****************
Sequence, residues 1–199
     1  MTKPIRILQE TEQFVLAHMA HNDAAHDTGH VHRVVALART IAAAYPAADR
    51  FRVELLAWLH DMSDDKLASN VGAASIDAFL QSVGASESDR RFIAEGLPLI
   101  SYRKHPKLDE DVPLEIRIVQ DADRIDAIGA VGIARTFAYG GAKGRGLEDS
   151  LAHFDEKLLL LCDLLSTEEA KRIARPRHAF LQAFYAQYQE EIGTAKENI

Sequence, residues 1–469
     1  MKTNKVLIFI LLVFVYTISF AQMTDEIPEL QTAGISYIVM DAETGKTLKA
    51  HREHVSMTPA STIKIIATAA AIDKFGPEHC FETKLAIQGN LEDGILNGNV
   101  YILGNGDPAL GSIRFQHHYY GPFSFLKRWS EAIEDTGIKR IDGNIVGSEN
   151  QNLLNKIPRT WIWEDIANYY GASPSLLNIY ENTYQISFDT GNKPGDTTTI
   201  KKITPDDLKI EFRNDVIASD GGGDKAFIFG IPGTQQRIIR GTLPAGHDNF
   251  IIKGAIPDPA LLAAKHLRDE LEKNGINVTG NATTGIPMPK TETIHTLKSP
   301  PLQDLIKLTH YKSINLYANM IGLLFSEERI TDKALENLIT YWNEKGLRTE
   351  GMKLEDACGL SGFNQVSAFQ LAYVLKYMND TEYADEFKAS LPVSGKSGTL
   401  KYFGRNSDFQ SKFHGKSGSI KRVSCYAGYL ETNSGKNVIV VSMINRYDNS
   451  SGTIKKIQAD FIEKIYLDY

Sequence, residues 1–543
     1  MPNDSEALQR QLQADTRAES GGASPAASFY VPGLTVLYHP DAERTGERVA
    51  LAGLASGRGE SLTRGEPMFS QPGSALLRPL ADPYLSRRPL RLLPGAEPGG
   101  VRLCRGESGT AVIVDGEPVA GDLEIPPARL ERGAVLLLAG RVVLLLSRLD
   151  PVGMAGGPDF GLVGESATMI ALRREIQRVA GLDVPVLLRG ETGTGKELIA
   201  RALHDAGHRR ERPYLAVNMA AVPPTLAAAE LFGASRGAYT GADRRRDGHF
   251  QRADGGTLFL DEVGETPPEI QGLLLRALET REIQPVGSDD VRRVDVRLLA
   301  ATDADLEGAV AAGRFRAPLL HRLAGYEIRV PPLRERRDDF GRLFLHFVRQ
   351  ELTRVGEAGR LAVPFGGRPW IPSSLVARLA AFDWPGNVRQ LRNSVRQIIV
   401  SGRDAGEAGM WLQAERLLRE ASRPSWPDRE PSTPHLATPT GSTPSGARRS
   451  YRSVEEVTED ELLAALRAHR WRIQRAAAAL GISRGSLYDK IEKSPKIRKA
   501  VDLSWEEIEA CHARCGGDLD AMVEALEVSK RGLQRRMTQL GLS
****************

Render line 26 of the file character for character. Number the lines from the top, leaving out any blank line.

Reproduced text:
   401  SGRDAGEAGM WLQAERLLRE ASRPSWPDRE PSTPHLATPT GSTPSGARRS